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Jones v. Siesennop

OPINION FILED DECEMBER 20, 1977.

LYDIA M. JONES BY SHARON LEBIKE, HER ADM'R, PLAINTIFF-APPELLANT,

v.

THOMAS C. SIESENNOP, DEFENDANT-APPELLEE.



APPEAL from the Circuit Court of Cook County; the Hon. NICHOLAS BUA, Judge, presiding.

MR. PRESIDING JUSTICE DOWNING DELIVERED THE OPINION OF THE COURT:

Sharon LeBike, the administrator of the estate of Lydia M. Jones, appeals an order of the circuit court of Cook County denying her motion to be substituted as a party plaintiff and granting the motion of defendant, Thomas C. Siesennop, to dismiss the cause, with prejudice. The sole issue on appeal is whether an action for professional negligence against an attorney abates with the death of the plaintiff.

The original plaintiff, Lydia M. Jones, filed a complaint which alleged in relevant part that defendant Alpine Real Estate had engaged the services of defendant Siesennop, an attorney at law, to represent both the sellers, the Pompes, and the buyers, plaintiff and her (now deceased) husband, at a real estate closing. Count II of the complaint alleged that defendant failed to provide plaintiff with a clear title to the property purchased by failing to secure and record a release of a prior mortgage on the property. No release had been recorded as of the date of the filing of the complaint. Paragraph 8 of the complaint alleged: "Defendant was negligent in his handling of the real estate transaction and has caused the plaintiff to suffer great damage." Plaintiff sought the award of $40,000 in damages, plus the costs of a suit to quiet title to the property.

Defendant's answer stated that he lacked knowledge necessary to deny or admit the allegations of the complaint. Other allegations of the plaintiff's complaint were generally denied by defendant.

Sharon LeBike, the appellant here, moved to be substituted as plaintiff, alleging plaintiff's death and that letters of administration had been issued to LeBike, as administrator.

The court denied LeBike's motion to be substituted as plaintiff, and dismissed the action against Siesennop, with prejudice. The order stated:

"It is further ordered that as to the decision in regard to the denial of the motion to substitute of the Estate of Lydia Jones as to Thomas Siesennop the court hereby has based its decision on the Butterman v. Chamales (73 Ill. App.2d 399) [sic] and has decided in that regard that this is a final and appealable order."

I.

Appellant contends that an action for professional negligence against an attorney survives the death of the plaintiff and may be pursued by her personal representative. Appellant relies on our opinion in Shapiro v. Chernoff (1st Dist. 1972), 3 Ill. App.3d 396, 402-03, 279 N.E.2d 454, where we reviewed the common law distinction between those actions which survived and those which abated upon the death of a party. There we stated that the common law distinction was based on the type of injury of which the plaintiff complained. If the interest to be protected was primarily a property interest, the action survived. If the interest was primarily personal, the action was held to abate. We also noted the development of a second test of survivability: whether or not the action is assignable. Appellant maintains that plaintiff's action against defendant meets both tests.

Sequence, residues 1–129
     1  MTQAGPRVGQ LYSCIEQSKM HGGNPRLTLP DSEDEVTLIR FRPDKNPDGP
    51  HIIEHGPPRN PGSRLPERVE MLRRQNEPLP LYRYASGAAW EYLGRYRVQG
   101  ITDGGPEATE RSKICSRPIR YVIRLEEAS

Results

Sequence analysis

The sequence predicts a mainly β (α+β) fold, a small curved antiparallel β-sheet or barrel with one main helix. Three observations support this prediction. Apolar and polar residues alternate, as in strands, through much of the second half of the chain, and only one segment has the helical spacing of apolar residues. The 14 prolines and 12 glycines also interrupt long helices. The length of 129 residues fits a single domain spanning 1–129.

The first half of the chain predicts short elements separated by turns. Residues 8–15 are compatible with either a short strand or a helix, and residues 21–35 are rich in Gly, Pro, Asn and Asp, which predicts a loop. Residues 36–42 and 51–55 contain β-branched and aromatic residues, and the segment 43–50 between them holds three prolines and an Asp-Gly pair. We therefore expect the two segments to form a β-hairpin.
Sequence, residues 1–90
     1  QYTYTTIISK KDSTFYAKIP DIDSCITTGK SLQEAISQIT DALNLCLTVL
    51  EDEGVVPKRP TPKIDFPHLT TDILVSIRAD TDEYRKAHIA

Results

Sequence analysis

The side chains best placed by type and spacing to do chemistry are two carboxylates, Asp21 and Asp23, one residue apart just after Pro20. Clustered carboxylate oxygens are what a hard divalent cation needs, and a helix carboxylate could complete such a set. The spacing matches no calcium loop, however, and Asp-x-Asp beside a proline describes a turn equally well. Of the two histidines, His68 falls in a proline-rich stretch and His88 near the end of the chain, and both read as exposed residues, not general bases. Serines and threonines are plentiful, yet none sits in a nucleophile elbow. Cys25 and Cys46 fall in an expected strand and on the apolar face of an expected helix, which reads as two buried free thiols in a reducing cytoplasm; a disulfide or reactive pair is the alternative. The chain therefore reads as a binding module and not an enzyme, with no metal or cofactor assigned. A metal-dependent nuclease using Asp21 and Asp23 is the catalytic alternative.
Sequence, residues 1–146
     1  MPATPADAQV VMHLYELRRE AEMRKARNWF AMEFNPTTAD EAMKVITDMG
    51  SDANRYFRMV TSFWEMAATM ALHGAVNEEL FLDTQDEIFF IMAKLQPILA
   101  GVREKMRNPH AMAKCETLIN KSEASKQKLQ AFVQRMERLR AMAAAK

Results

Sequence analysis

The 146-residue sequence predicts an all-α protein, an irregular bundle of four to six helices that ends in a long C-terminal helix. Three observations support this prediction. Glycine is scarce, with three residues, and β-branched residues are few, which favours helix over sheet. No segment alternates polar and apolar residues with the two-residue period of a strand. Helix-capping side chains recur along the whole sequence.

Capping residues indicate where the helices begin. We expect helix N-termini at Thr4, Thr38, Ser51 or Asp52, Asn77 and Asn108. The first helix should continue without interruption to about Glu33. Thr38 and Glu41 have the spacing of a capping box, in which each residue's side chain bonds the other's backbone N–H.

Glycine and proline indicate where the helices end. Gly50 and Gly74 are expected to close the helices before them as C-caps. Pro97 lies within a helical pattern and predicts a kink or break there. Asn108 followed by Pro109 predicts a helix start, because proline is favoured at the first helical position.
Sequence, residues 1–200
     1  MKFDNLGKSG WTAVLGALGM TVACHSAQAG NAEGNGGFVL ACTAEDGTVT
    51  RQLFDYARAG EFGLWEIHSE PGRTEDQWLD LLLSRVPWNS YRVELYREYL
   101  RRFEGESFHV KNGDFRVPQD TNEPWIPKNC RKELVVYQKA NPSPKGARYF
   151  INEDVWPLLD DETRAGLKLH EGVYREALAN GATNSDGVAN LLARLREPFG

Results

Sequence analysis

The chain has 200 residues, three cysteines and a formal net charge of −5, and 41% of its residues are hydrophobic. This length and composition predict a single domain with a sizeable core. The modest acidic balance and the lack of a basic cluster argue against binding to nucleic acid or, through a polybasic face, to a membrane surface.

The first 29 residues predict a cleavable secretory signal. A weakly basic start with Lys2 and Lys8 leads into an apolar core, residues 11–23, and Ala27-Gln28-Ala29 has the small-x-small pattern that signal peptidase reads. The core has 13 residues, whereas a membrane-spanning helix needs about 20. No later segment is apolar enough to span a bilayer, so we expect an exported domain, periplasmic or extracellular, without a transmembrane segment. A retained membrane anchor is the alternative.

Appellant also contends that Butterman v. Chamales (1st Dist. 1966), 73 Ill. App.2d 399, 220 N.E.2d 81, which formed the basis for the trial court's ruling, is factually distinguishable. The distinction urged is that in Butterman, the deceased party was the defendant-attorney, whereas here, the deceased party is the plaintiff.

Defendant relies squarely on Butterman in arguing that an action for professional negligence against an attorney does not survive the death of either party under the common law rule or under the Illinois survival statute (Ill. Ann. Stat., ch. 3, par. 27-6 (Smith-Hurd 1977 Supp.)). *fn1 Defendant also raises two additional arguments which, because of the nature of our disposition of the case, we need not reach.

We agree with defendant that the factual distinction between Butterman and the case at bar is inconsequential. However, we conclude that the principles which formed the foundation of this court's decision in Butterman no longer prevail and that a different result is therefore mandated.

Butterman was an action for professional negligence brought against the estate of the defendant attorney. The complaint alleged that defendant had been retained to represent plaintiff in an action against a stock brokerage firm, and that the action had been dismissed for want of prosecution when the defendant had negligently failed to answer a trial call. Plaintiff further alleged that defendant had failed to file a suit on her behalf in Federal court, thus allowing the statute of limitations to run.

The executrix of the attorney's estate moved to dismiss the action on the ground, among others, that a malpractice claim does not survive the death of the defendant attorney. The trial court granted the motion to dismiss. Plaintiff then filed an amended complaint based on a theory of breach of the contract of retainer. The trial court also dismissed that complaint, stating that the nature of the ...


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